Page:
Los Angeles v. David - 538 U.S. 715
OCTOBER TERM, 2002
CITY OF LOS ANGELES v. DAVID
ON PETITION FOR WRIT OF CERTIORARI TO THE UNITED STATES COURT OF APPEALS FOR THE NINTH CIRCUIT
No. 02-1212. Decided May 19,2003
Respondent David paid petitioner Los Angeles $134.50 to recover his car, which had been towed from a spot where parking was prohibited, and requested a hearing to recover the money. The hearing was held 27 days after the car was towed and his claim was denied. He then filed a 42 U. S. C. § 1983 suit, claiming that the city violated his due process rights by failing to provide a sufficiently prompt hearing. The District Court granted the city summary judgment, but the Ninth Circuit reversed, holding that the Constitution required the city to provide an earlier hearing, perhaps within 48 hours of towing and at least within 5 days.
Held: The Due Process Clause does not prohibit an agency from imposing the kind of procedural delay experienced here when holding hearings to consider claims such as David's. The three factors that normally determine whether an individual has received the "process" that the Constitution finds "due"-which were set forth in Mathews v. Eldridge, 424 U. S. 319, 335, and applied in FDIC v. Mallen, 486 U. S. 230, 242require reversal of the Ninth Circuit's decision. The first factor-the "private interest" affected by the official action-is a monetary interest that does not work the far more serious harm caused by the temporary deprivation of a job that was at issue in Mallen. The second factorconcern for accuracy-also does not support the Ninth Circuit's conclusion. A 30-day delay in presenting evidence is unlikely to spawn significant factual errors, and the nature of the issue-whether a car is illegally parked-indicates that initial towing errors are unlikely. The third factor-the government's interest-argues strongly in the city's favor. Only five percent of the 1,000 impound hearings the city holds annually are conducted within 48 hours, and those involve persons who cannot afford the impoundment fees. The delay is substantially required by administrative needs related to organizing the hearing, e. g., arranging for the towing officer to appear. Requiring the city to hold 1,000 hearings, rather than 50, within a short time period would prove burdensome.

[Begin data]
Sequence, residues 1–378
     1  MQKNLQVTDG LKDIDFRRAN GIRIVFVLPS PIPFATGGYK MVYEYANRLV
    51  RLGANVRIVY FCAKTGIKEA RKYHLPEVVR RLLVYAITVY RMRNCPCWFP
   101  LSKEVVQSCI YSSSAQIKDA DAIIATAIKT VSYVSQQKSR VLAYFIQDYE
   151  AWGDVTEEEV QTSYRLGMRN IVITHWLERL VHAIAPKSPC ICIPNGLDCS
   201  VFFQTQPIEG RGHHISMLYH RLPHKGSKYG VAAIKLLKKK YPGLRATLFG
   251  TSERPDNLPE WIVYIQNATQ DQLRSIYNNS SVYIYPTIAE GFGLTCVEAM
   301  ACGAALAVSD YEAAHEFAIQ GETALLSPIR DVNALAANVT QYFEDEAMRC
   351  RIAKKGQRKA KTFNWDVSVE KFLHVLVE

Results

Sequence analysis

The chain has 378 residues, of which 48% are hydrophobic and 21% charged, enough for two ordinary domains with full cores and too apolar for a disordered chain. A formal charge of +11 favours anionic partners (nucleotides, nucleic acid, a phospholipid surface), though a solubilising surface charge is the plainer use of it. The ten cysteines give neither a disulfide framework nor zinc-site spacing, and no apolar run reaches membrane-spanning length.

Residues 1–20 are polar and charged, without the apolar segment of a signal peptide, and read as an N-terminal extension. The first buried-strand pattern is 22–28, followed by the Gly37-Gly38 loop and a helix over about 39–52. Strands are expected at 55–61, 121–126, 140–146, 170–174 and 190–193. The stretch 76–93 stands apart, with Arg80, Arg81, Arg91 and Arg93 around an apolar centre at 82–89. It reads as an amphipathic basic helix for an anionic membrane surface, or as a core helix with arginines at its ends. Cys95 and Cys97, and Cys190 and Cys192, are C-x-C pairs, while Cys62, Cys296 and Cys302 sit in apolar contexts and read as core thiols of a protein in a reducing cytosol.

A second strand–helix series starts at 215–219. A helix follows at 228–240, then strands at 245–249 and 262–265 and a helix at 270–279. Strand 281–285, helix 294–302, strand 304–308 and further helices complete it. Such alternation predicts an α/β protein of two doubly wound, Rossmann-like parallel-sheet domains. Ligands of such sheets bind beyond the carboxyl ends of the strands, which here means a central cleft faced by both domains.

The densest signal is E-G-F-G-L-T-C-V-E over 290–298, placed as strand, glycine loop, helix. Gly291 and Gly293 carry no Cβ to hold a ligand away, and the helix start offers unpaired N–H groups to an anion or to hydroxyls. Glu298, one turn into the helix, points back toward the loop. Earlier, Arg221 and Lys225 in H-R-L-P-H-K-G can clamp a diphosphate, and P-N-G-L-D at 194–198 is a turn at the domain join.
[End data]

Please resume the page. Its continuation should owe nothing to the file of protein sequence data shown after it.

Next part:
Certiorari granted; 307 F.3d 1143, reversed.
On August 13, 1998, an officer of the city of Los Angeles Department of Transportation ordered respondent Edwin David's automobile towed from a spot where parking was forbidden. After paying $134.50, David recovered his car. David, believing that the trees obstructed his view of the "no parking" sign, requested a hearing to recover the money. On September 9, 1998-27 days after the vehicle was towed-the city held the hearing and denied David's claim.
David then brought this lawsuit in Federal District Court under Rev. Stat. § 1979, 42 U. S. C. § 1983, arguing that the city, in failing to provide a sufficiently prompt hearing, had violated his federal right to "due process of law." Arndt. 14, § 1. The District Court granted summary judgment for the city. The Court of Appeals for the Ninth Circuit, by a vote of 2 to 1, reversed, holding that the Constitution required the city to provide an earlier payment-recovery hearing, perhaps within 48 hours of the towing and at least within 5 days. 307 F.3d 1143, 1147 (2002). The city, seeking certiorari here, argues that the Ninth Circuit's holding runs contrary to well-settled principles of constitutional law. We agree. We grant the writ and summarily reverse the Ninth Circuit's judgment.
In Mathews v. Eldridge, 424 U. S. 319, 335 (1976), the Court set forth three factors that normally determine whether an individual has received the "process" that the Constitution finds "due":
"First, the private interest that will be affected by the official action; second, the risk of an erroneous deprivation of such interest through the procedures used, and the probable value, if any, of additional or substitute procedural safeguards; and finally, the Government's interest, including the function involved and the fiscal and administrative burdens that the additional or substitute procedural requirement would entail."